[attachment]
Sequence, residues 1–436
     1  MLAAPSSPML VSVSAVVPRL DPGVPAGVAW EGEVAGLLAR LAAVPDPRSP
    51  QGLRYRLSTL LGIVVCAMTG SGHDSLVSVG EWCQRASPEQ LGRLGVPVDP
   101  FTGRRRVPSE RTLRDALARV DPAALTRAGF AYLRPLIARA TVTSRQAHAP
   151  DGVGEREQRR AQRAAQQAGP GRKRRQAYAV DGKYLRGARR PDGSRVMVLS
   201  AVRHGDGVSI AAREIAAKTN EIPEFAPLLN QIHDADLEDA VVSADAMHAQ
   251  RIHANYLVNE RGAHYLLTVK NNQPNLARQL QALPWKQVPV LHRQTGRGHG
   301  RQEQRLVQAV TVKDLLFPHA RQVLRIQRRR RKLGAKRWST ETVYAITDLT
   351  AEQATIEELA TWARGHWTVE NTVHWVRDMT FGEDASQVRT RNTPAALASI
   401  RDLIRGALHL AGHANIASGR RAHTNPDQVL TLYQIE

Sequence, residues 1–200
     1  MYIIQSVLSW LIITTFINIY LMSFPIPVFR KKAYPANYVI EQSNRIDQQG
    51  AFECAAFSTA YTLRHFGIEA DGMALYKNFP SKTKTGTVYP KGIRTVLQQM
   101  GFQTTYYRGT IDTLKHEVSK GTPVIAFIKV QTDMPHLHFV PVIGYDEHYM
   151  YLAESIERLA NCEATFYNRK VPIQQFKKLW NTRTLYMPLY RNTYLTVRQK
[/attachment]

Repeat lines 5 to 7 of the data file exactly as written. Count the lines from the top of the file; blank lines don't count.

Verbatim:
   151  DGVGEREQRR AQRAAQQAGP GRKRRQAYAV DGKYLRGARR PDGSRVMVLS
   201  AVRHGDGVSI AAREIAAKTN EIPEFAPLLN QIHDADLEDA VVSADAMHAQ
   251  RIHANYLVNE RGAHYLLTVK NNQPNLARQL QALPWKQVPV LHRQTGRGHG